The Role of Calorie Counting – Food&Nutrition Example

Download free paperFile format: .doc, available for editing

"The Role of Calorie Counting" is a remarkable example of a paper on food and nutrition. The study was set to investigate the daily energy intake of calories. The objective of the study was to find out the daily intake of energy in women and men subjects. Different values of the fat, protein and carbohydrate intake were taken for 35 days for the female participants and 10 days for the male participants. The total daily intake for all food components was determined. The mean and the standard deviation of the specific energy intake was calculated.

The obtained results showed that the values of carbohydrate intake were higher compared to the values for fat and protein intake respectively. Introduction Eating less and doing enough exercise is highly considered by most dieters as a channel to a healthy leaving. Exercise, in this case, could include moderate activities like spending about 30 minutes daily in physical activity. These physical activities include climbing stairs, active gardening, and walking. Once the number of calories needed in a day is obtained, for an individual to lose weight he or she needs to consume an amount lower than the daily intake.

In women, it is recommended that the calorie intake does not fall below 1200, whereas in men the calorie intake should not surpass the 1500 calorie limit. This is so because when one consumes too few calories; his or her health would be endangered by depriving the body of the required nutrients. Studies conducted in this field have reported that the practice of losing weight is challenging. Different factors could influence how people could lose or gain weight.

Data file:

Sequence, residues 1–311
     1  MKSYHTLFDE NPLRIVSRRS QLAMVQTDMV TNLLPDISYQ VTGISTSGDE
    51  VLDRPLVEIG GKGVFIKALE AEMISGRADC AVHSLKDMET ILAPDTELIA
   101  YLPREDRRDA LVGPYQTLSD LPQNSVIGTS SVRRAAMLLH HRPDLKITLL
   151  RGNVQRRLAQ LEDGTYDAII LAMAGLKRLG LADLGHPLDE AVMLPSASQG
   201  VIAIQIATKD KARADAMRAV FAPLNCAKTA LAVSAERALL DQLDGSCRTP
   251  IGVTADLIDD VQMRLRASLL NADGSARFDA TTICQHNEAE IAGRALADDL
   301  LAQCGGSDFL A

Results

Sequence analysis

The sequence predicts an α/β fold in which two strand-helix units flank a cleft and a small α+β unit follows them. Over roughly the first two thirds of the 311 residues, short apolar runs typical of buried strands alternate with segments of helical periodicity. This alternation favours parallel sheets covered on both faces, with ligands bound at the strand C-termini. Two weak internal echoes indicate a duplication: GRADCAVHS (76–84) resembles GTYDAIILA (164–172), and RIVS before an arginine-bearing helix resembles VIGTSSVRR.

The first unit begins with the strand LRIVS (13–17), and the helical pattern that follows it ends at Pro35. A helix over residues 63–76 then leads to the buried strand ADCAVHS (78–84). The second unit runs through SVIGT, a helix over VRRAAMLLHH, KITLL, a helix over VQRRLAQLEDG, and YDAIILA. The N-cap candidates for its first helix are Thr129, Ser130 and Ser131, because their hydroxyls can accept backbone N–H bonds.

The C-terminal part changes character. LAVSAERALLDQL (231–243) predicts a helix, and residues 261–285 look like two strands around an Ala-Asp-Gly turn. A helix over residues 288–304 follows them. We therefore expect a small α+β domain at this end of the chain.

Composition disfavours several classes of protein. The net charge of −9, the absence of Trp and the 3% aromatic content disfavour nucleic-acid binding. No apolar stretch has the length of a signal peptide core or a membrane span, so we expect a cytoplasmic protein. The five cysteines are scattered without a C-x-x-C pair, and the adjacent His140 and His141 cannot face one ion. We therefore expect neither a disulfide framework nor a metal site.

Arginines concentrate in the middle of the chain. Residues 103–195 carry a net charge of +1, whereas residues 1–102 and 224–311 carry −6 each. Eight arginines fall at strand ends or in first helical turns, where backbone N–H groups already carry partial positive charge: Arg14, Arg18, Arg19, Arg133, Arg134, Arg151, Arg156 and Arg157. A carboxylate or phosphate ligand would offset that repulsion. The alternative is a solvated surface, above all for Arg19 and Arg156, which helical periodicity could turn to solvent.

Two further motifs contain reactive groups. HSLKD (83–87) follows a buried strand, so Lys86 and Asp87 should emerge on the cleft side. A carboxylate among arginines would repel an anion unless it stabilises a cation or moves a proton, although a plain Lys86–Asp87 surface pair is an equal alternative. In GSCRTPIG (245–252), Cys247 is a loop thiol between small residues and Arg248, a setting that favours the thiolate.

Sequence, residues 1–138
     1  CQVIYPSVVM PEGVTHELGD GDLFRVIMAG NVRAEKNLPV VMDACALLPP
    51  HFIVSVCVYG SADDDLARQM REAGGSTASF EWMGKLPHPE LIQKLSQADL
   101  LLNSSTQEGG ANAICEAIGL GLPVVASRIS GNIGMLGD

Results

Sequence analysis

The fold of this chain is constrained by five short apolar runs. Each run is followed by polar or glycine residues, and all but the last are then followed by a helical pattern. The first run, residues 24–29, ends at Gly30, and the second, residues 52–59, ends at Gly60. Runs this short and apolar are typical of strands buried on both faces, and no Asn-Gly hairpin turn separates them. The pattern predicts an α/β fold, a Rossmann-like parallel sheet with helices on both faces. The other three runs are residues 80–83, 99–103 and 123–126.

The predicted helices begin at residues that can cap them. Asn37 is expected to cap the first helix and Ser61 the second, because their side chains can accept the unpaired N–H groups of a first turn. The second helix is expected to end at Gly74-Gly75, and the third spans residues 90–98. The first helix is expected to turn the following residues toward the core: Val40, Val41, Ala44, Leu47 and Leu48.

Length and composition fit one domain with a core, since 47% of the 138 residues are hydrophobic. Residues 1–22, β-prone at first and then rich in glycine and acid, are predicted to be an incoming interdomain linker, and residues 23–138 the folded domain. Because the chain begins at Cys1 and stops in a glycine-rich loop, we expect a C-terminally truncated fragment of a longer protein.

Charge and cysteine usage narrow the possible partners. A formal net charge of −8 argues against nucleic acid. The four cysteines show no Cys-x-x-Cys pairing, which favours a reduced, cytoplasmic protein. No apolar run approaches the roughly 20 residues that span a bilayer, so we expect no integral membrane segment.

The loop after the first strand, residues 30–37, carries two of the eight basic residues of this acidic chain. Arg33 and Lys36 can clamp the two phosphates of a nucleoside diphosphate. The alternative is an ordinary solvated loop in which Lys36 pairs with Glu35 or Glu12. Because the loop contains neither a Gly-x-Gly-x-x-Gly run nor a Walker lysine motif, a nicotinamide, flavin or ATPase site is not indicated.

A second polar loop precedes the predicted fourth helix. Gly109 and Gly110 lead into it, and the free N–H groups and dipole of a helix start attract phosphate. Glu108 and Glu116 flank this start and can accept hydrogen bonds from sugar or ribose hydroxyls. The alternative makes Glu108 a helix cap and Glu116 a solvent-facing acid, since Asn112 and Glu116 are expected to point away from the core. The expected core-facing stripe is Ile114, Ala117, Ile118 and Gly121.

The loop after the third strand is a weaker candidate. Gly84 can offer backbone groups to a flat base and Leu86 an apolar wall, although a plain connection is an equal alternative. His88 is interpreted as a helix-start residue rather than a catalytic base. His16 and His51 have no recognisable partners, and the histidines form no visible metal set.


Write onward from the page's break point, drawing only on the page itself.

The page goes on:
The knowledge on how to tip one's energy balance to be in favor of his weight loss is vital for a start. One needs to find out the number of calories that he/or she needs to take in daily. This can be done by noting the number of calories that are needed by the body to ensure the maintenance of the current weight. To gain an understanding of how to calculate the calorie intake, a study was set to investigate the amount of calorie intake in a selected sample of female and male participants. Methods. At the beginning of the experiment, the current weight of the subjects was multiplied by 15.

This was a rough calorie number in pounds that the body needs for the maintenance of the weight during moderate exercise. Next, the nutrition label on the food products was used in determining the quantity of protein, carbohydrates, and fat intake. For fresh foods, a gram scale was used to determine the value of protein-carbohydrate and fats. The collected results were recorded in the results section of this report. Results. The collected data were recorded in table 1. Table 1: Female daily intake     Female:   Mean daily energy intake (kcal)   Fat Carb Protein Total   358.65 556 160.2 1074.85   783 1016 246 2045   495 546 150 1191   323.1 841.2 258.12 1422.42   99 268 216 583   355.5 870.2 158.4 1384.1   458.1 1241.8 222.3 1922.2   610.2 816.8 228 1655   393.3 545.6 458.8 1397.7   285.75 879.6 137.2 1302.55   251.28 396 156.312 803.592   436.95 1140.8 196 1773.75   427.5 840 250 1517.5   250.2 725.2 156.2 1131.6   418.5 771.8 233 1423.3   540.9 730 238.4 1509.3   525.15 1134.4 259.2 1918.75   701.775 1216 314.78 2232.555         1532   397.8 705 187.6 1290.4   139.5 504.2 85.8 729.5   339.3 550.4 249.6 1139.3   434.1375 588.9 252.5 1275.538   700.9245 812.266 334.422 1847.613   425.7 545.2 173.6 1144.5   351 602.6 153 1106.6   363.15 542.2 205.8 1111.15   936 1172 244.8 2352.8   630 564 146 1340   1122.3 1688.8 371.4 3182.5   252 822 156 1230   158.625 449.94 79.96 688.525   540 740 168 1448   395.235 658.52 194.22 1247.975   463.5 480 186 1129.5 Mean 438.9436 741.755 206.5033 1430.973 Standard deviation 225.6053 317.724 83.87548               Discussion The total daily intake of energy for both female and male participants was calculated.